Island nations mustn’t pay the price for Trump’s stance on climate change

Tropical caribbean island in open oceanThis post is by Matthew Perks, CEO of New Energy Events LLC, the organisers of the annual Caribbean Renewable Energy Forum (CREF). which will take place in Miami from 18-20 October, 2017.

A little over a month ago, on 1 June 2017, the day that Donald Trump announced the withdrawal of the US from the Paris Agreement, the New York Times speculated that the impact of the withdrawal would be determined by the global response to the decision. Would countries double down on their efforts to curb greenhouse gas emissions? Or would the agreement begin to fray at the seams? One day later, Christiana Figueres, who led the negotiation of the treaty, ventured on to Twitter to say, “Thank you, Trump. You have provoked an unparalleled wave of support for Paris and determined resolve on climate action. Deeply grateful.”

But what about the money?
That was five weeks ago. What seemed at the time premature now seems prescient. In the US, the reaction to the withdrawal from many cities and states has been swift, resolute and meaningful. Only days after the announcement, Hawaii became the first state to enact measures to adopt sections of the Paris Agreement into state law. While some states have remained silent, if the US states that have come out in support of the agreement were a country they would comprise one of the world’s largest economies.

Of course it’s one thing to support measures to reduce emissions, another to put your money where your mouth is. In 2015 the US pledged US$3 billion to the Global Climate Fund (GCF); US$1 billion has made it into the fund but it seems improbable that it will see the balance. Of all the states and cities that have come forward, few have acknowledged the need to honour the financial commitments which comprised such a vital component of the agreement.

Why does it matter?
After Trump announced the US withdrawal, I spoke with James Fletcher, the former minister responsible for energy policy in St Lucia and a leading voice at the Paris talks representing the interests of island nations. He was, like Figueres, encouraged by the reaction to the pronouncement but deeply concerned about the implications for the flow of funding to critical adaptation projects across the Caribbean and to islands worldwide.

The loose affiliation of island nations in Paris rallied around a cry of “1.5 to stay alive”, or in other words: limit global warming to 1.5oC or we go under. It doesn’t take a rocket scientist to understand that even a small rise in sea levels will have an outsize and catastrophic impact on islands, many of which – particularly in the Pacific – barely emerge out of the ocean as it is.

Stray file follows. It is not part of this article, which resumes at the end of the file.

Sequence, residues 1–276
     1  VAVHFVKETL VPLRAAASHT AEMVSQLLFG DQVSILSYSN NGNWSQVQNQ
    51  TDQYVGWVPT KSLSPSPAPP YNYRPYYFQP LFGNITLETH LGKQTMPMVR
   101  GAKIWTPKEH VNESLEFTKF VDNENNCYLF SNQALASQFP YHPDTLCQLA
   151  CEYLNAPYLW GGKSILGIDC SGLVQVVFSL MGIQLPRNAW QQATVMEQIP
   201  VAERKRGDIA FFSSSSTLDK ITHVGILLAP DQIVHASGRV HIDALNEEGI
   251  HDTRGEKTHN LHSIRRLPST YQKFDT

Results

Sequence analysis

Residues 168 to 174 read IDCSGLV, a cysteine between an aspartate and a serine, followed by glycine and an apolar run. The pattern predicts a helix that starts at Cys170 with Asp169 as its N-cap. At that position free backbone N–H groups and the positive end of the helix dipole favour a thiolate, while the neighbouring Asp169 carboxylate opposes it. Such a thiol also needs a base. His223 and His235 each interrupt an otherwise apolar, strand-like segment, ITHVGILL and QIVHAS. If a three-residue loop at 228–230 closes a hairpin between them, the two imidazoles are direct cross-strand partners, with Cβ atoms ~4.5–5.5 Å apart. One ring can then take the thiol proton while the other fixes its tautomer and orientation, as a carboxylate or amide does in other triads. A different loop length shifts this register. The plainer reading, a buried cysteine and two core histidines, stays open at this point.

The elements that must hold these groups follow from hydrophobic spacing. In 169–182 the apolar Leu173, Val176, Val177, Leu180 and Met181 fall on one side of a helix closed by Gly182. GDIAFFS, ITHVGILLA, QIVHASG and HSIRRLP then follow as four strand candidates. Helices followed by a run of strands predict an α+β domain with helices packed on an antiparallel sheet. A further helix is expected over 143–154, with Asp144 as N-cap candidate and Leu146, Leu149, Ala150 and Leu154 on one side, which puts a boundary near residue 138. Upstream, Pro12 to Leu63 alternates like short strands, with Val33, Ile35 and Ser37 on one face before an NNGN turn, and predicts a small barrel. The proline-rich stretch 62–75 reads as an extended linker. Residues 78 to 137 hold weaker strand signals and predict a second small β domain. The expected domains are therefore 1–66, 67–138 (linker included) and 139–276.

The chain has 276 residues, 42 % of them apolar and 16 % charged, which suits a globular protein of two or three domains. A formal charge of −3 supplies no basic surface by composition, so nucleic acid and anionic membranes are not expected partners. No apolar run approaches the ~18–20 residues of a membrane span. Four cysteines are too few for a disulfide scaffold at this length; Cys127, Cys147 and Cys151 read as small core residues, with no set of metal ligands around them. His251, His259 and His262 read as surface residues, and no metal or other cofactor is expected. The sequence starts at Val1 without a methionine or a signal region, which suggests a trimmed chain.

Just how much will sea levels rise? One foot by 2040 if the earth heats two degrees? More? Less? Research published recently in Proceedings of the National Academy of Sciences throws some frightening numbers around but, let’s face it, the numbers are hard to predict. If the predictions fluctuate wildly, the underlying findings are horrifyingly consistent: even if we better targets agreed upon in Paris and limit warming to 1.5oC, sea levels are gong to rise. The question, then, is not “is it coming”, it’s how do we hold back the waters, and where on earth are we going to find the funds to keep the islands above the waves?

The responsibility of developed nations
From that most vital of island assets – the beach – to water, transportation and energy infrastructure there is almost no component of island existence which isn’t at risk. Undoubtedly, the private sector will have to shoulder some of the burden and many businesses in the region – from hotel chains to power utility companies – are already earmarking investments and building resiliency into their long term business models.

It is on the public purse, though, that the brunt will fall. Coastlines need defending, urban infrastructure needs protecting, water resources need safeguarding.

Funds from the GCF and other sources have begun to flow to island nations but largely to programmes which help governments identify the problem and explore – and cost – the solutions. This is vital stuff, but more vital is to start building. Islands worldwide urgently need to build a figurative sea wall. That sea wall comes with a price tag which is, not to put too fine a point on it, beyond the means of most island nations.

I, like others, have been hugely encouraged to see a rejuvenated commitment to the roadmap laid out in the Paris Agreement. But let’s keep our eye on the ball and on the money. Developed nations got island nations into this mess; now they need to step up to help get them out.

 

 

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